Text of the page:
Wednesday, April 16, 2014

True Hope

 The tomb is empty - without this, we would have no hope

All these people were still living by faith when they died. They did not receive the things promised; they only saw them and welcomed them from a distance, admitting that they were foreigners and strangers on earth. 
(Heb 11:13)

Saints of old clutched tightly to a sure hope
Trusting One bigger, although they wouldn't survive
To witness the fulfillment of ancient oath
Forever confident in a faraway countryside
Securely grasping that this territory is not our true home
Perfect Master felt deserted in the garden, weeping in profound anguish
Yet never losing hope despite all He would lose
He freely walked the trail of suffering, knowing He would perish
His closest friends walked away, but it was still love He would choose
The agony, atonement, spilling of blood, this was not the end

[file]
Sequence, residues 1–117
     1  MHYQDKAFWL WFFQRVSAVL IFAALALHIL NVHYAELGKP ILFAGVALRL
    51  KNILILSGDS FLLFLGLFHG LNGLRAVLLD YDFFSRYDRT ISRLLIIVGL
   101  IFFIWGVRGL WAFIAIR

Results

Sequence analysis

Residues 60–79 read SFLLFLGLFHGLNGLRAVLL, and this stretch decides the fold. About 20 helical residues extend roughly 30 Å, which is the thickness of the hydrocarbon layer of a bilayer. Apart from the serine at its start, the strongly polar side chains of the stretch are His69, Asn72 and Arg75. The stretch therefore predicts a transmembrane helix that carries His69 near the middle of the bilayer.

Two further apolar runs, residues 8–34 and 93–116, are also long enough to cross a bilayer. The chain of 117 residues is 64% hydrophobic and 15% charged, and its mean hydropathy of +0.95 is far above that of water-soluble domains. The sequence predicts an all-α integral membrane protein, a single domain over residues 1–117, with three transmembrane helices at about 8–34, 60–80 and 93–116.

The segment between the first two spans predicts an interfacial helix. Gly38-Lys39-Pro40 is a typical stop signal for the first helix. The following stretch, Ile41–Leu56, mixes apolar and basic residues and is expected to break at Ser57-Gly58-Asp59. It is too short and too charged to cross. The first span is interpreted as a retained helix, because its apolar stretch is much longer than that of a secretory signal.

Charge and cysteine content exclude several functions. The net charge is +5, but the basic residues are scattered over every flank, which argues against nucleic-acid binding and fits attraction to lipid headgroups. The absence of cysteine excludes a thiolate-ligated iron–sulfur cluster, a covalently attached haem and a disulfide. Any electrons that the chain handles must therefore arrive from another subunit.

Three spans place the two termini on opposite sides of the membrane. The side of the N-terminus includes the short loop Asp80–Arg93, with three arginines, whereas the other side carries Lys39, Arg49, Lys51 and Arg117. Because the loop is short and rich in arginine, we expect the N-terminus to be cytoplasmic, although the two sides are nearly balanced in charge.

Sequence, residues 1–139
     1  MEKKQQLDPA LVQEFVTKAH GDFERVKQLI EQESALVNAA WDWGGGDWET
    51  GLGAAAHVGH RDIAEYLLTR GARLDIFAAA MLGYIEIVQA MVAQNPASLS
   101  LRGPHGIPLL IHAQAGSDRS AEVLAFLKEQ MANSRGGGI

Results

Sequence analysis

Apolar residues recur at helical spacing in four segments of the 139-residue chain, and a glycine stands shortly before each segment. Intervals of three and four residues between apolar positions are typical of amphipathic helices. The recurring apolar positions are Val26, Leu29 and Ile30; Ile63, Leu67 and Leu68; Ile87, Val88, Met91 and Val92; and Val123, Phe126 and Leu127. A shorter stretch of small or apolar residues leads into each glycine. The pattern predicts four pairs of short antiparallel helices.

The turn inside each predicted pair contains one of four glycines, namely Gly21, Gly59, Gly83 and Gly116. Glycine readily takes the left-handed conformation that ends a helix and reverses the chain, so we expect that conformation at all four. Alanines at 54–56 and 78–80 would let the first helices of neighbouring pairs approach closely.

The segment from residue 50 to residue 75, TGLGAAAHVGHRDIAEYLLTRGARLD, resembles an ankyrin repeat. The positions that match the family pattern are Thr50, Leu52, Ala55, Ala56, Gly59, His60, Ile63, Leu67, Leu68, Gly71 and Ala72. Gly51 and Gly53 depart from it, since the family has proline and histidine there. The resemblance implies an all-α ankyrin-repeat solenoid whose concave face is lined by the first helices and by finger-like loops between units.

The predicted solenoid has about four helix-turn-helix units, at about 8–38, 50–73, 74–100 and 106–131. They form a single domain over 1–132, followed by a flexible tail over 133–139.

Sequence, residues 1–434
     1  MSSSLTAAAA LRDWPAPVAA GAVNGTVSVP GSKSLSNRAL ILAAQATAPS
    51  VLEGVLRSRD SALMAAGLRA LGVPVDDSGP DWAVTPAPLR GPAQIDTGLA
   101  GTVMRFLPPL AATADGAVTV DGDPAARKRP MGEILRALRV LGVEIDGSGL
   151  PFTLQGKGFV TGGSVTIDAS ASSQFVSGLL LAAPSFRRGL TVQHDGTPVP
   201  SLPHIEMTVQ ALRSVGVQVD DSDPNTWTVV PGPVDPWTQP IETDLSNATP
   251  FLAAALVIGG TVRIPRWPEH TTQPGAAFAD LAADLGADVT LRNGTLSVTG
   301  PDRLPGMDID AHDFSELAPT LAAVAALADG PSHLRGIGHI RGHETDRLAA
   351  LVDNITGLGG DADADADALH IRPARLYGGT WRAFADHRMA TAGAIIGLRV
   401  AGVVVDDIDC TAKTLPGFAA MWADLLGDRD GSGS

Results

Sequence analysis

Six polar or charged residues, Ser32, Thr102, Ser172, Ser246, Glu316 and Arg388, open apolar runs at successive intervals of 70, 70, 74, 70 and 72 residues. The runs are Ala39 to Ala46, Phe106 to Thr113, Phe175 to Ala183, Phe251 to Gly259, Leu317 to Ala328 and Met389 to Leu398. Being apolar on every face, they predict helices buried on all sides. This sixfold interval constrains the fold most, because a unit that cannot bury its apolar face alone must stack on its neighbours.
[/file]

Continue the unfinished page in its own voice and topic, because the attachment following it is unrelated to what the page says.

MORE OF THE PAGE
For new life, fresh hope, rolling away of stone, this is where life truly begins

Perhaps the transformation of the disciples of Jesus is the greatest evidence of all for the resurrection, because it is entirely uncontrived. They do not invite us to look at themselves, as they invite us to look at the empty tomb and the collapsed graveclothes and the Lord whom they had seen. We can see the change in them without being asked to look. The men who figure in the pages of the Gospels are new and different men in the Acts of the Apostles, the New Testament book that tells the story of the first Christians. The death of their Master left them despondent, disillusioned and near to despair. But in Acts they emerge as those who risk their lives for the name of the Lord Jesus Christ and who turn the world upside down. [1]

My Prayer

Holy presence sink deeper within
carving out more of me
making larger your home
mold me like clay
abide, Abba

invade deeper into the hollow
that holds anger, anxiety, control
dive deep into this space
transform, purify
indwell, sweet lover

when I doubt and my feet slip
remind me who I am
hold me 
cleanse me
forgive me 
renew, Holy Rescuer

[1] John W. Stott, Basic Christianity (Grand Rapids, MI: Eerdmans Publishing, 2008), 70.

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